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Gobblin, LinkedIn's Unified Data Ingestion Platform

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At the 2014 QCon San Francisco conference, LinkedIn's Lin Qiao gave a talk on their Gobblin project (also summarized in a blog post) that is a unified data ingestion system for their internal and external data sources. Handling up to one hundred terabytes of new data per day, Gobblin has to deal with many of the technical and semantic integration challenges companies face when implementing huge Big Data projects.

Gobblin is built around Hadoop as a central storage (via Hadoop's distributed filesystem HDFS) and analysis platform, and serves business analytics, engineering, as well as member facing insights and data products.

According to Qiao, LinkedIn already had a rather complex system in place, which has grown over the years to stored all kinds of data in Hadoop. For example, streaming data like user activity events from the website were ingested via Apache Kafka and then stored in Hadoop using Camus, an adapter to persist Kafka streams in HDFS. Changes to profile user data were handled by Databus, another LinkedIn Open Source project.

External data came from platforms like Salesforce, Google, Facebook, and Twitter. While it made up a much smaller volume of the overall data, it posed different challenges because changes in data format were more frequent, availability and data quality were more fragile, and in particular not under LinkedIn's control.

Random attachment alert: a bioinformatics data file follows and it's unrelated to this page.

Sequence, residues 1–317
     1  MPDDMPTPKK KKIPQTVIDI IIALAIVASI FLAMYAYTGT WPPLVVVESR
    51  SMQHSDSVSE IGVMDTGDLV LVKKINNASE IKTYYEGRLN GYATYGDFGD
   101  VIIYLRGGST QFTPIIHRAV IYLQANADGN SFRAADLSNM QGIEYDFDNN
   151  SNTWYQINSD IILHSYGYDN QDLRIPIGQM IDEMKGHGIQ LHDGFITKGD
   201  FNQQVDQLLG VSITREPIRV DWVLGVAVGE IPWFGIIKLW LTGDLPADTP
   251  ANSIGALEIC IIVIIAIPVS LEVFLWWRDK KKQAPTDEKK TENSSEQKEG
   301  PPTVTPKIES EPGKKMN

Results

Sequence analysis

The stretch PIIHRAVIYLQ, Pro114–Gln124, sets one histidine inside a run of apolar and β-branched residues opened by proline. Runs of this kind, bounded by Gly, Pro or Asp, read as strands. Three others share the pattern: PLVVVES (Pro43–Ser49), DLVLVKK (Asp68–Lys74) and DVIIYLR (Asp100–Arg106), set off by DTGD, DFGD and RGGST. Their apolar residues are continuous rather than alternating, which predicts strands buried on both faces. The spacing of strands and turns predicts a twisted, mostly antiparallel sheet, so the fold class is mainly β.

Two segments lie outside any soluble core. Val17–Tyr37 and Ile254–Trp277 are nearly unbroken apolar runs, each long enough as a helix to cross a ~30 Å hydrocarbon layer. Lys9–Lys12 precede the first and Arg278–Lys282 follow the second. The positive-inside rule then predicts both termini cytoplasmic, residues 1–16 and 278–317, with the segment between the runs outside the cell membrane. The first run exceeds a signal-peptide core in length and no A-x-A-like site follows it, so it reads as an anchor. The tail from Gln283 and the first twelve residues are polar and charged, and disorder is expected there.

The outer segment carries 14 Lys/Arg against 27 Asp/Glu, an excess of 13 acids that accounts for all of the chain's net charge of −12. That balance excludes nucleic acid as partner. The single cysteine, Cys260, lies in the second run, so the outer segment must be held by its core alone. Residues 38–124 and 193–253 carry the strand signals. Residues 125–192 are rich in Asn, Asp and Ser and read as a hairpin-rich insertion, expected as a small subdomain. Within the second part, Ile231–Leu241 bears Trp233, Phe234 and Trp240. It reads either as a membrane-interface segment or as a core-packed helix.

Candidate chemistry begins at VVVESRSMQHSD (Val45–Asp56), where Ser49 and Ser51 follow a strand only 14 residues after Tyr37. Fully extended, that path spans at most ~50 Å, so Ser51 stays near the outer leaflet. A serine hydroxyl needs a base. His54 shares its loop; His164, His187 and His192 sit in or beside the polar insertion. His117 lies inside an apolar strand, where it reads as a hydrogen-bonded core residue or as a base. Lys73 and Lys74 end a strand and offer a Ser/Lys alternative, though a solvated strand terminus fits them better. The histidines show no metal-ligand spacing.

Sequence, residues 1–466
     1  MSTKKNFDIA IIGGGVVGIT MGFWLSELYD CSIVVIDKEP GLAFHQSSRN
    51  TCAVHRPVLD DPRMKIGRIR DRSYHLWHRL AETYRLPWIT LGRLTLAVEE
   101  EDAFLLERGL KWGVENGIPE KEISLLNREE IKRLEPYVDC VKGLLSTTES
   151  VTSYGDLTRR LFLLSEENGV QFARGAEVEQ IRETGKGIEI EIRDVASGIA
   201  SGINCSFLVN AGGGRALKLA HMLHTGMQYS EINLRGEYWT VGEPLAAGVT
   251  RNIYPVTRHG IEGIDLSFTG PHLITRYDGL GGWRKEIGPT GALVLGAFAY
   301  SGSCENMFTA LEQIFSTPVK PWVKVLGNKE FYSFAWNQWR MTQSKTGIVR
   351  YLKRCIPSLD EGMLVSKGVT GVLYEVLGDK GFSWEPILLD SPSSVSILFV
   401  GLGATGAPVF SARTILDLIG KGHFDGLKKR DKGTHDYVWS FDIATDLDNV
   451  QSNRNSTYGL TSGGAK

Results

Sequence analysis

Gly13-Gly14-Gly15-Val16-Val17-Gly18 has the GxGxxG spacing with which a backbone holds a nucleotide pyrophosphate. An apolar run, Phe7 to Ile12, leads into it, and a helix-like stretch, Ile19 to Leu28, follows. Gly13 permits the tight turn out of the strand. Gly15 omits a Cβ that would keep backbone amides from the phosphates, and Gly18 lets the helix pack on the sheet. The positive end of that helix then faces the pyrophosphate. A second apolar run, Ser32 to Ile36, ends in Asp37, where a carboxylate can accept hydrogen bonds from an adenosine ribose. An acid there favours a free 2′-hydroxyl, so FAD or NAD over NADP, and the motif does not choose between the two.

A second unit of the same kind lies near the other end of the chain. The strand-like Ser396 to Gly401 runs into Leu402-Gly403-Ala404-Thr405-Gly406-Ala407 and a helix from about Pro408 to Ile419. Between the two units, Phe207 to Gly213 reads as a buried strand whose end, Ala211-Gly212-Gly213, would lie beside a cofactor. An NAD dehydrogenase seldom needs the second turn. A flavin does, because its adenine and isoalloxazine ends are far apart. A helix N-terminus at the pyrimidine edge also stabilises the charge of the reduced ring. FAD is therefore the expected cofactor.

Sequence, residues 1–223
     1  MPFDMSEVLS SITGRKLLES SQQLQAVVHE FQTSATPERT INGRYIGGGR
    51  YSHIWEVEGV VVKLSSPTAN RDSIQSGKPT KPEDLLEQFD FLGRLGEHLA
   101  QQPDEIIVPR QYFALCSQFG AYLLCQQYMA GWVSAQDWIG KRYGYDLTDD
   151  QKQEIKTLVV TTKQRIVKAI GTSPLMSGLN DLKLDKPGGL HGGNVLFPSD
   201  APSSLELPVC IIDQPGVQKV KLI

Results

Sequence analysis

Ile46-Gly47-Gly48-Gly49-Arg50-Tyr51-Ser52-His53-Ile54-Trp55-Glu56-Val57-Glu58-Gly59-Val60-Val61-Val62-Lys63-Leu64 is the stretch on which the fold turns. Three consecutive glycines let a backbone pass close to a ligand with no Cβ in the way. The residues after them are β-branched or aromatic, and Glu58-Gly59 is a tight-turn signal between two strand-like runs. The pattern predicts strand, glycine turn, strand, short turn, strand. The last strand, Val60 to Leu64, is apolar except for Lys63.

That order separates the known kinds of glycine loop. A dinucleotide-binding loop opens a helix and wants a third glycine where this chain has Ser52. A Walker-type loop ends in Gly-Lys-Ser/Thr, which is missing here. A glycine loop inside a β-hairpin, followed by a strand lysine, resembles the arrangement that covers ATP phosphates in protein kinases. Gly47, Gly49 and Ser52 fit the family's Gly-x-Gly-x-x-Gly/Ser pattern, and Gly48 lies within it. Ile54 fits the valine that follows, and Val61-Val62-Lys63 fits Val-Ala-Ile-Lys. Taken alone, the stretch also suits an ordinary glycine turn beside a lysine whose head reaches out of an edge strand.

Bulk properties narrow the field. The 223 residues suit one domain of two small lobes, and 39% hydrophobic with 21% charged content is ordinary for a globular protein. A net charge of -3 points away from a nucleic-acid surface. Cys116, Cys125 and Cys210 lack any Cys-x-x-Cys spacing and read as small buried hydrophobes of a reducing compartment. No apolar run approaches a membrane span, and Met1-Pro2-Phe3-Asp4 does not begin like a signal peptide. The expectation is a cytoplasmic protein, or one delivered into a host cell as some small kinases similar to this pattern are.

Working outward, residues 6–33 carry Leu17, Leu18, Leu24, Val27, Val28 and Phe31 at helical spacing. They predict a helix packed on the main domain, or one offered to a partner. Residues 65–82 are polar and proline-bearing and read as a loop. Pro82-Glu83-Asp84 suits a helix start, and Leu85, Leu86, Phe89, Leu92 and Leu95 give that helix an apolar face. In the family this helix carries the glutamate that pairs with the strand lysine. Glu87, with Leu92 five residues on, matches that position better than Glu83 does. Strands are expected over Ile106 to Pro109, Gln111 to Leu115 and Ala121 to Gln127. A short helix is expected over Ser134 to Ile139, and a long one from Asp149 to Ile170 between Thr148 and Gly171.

In the existing system, there was a lot of duplication between the different solutions, because issues like record filtering, conversion, or quality control had been solved independently in all of these approaches. One of the main goals of Gobblin was to unify the workflow to make it much easier to integrate new data sources.

Besides providing adapters for all their existing data sources, the key part of Gobblin is the unified processing pipeline. Gobblin uses a worker framework where each records run through the four stages of extraction, conversion, quality checking, and writing. In conversion, a sequence of operations can be applied, including filtering, projection (extracting only part of the available information), type conversion, or other structural changes. Qiao pointed out that quality checking is very important to ensure that any data produced in Gobblin is reliable, in particular for external sources. This approach allows developers to focus just on the per-record processing logic, and relieves them of dealing with issues like job scheduling, dealing with streaming or batch data, scalability, or fault tolerance.

In terms of future development, Gobblin is planned to run on YARN, Hadoop's general resource manager and execution framework that allows many different applications to run on a Hadoop cluster in parallel. Support for streaming sources is going be improved. An ingestion DSL is planned for easier integration of new data sources, especially for business users. Finally, Gobblin is planned to be open-sourced in the near future.

In the past, LinkedIn has contributed a number of open source projects. Examples are the already mentioned Apache Kafka and Databus project, and White Elephant, a log aggregrator and visualization system. Apache DataFu is another project that contains a number of user-defined functions like statistics, estimation, and sampling to be used in Apache Pig. DataFu entered the incubation stage at the Apache Software Foundation in February 2014.

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